If man is not to do more harm than good in his efforts to improve the social order, he will have to learn that in this, as in all other fields where essential complexity of an organized kind prevails, he cannot acquire the full knowledge which would make mastery of the events possible. He will therefore have to use what knowledge he can achieve, not to shape the results as the craftsman shapes his handiwork, but rather to cultivate a growth by providing the appropriate environment, in the manner in which the gardener does this for his plants. There is danger in the exuberant feeling of ever growing power which the advance of the physical sciences has engendered and which tempts man to try, “dizzy with success”, to use a characteristic phrase of early communism, to subject not only our natural but also our human environment to the control of a human will. The recognition of the insuperable limits to his knowledge ought indeed to teach the student of society a lesson of humility which should guard him against becoming an accomplice in men’s fatal striving to control society – a striving which makes him not only a tyrant over his fellows, but which may well make him the destroyer of a civilization which no brain has designed but which has grown from the free efforts of millions of individuals.


1. “Scientism and the Study of Society”, Economica, vol. IX, no. 35, August 1942, reprinted in The Counter-Revolution of Science, Glencoe, Ill., 1952, p. 15 of this reprint.

2. Warren Weaver, “A Quarter Century in the Natural Sciences”, The Rockefeller Foundation Annual Report 1958, chapter I, “Science and Complexity”.

3. See my essay “The Theory of Complex Phenomena” in The Critical Approach to Science and Philosophy. Essays in Honor of K.R. Popper, ed. M. Bunge, New York 1964, and reprinted(with additions)in my Studies in Philosophy, Politics and Economics, London and Chicago 1967.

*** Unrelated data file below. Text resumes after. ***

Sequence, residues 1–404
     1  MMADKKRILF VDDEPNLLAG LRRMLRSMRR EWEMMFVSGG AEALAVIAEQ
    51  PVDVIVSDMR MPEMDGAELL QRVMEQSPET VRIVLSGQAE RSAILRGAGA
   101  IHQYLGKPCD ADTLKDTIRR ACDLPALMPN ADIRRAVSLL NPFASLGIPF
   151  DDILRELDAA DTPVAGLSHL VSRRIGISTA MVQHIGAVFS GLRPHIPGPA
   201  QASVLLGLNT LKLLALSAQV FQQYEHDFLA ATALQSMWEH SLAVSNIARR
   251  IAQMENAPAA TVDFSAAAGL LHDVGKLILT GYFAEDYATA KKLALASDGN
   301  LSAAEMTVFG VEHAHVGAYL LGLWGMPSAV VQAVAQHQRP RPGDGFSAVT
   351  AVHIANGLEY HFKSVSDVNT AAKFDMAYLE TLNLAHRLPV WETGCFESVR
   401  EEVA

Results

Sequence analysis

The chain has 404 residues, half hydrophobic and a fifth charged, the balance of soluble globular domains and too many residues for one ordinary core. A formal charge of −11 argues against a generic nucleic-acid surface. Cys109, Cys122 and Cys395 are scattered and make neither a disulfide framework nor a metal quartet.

4. V. Pareto, Manuel d’économie politique, 2nd. ed., Paris 1927, pp. 223-4.

5. See, e.g., Luis Molina, De iustitia et iure, Cologne 1596-1600, tom. II, disp. 347, no. 3, and particularly Johannes de Lugo, Disputationum de iustitia et iure tomus secundus, Lyon 1642, disp. 26, sect. 4, no. 40.

6. See The Limits to Growth:A Report of the Club of Rome’s Project on the Predicament of Mankind, New York 1972; for a systematic examination of this by a competent economist cf. Wilfred Beckerman, In Defence of Economic Growth, London 1974, and, for a list of earlier criticisms by experts, Gottfried Haberler, Economic Growth and Stability, Los Angeles 1974, who rightly calls their effect “devastating”.

7. I have given some illustrations of these tendencies in other fields in my inaugural lecture as Visiting Professor at the University of Salzburg, Die Irrtümer des Konstruktivismus und die Grundlagen legitimer Kritik gesellschaftlicher Gebilde, Munich 1970, now reissued for the Walter Eucken Institute, at Freiburg i.Brg. by J.C.B. Mohr, Tübingen 1975.

From Nobel Lectures, Economics 1969-1980, Editor Assar Lindbeck, World Scientific Publishing Co., Singapore, 1992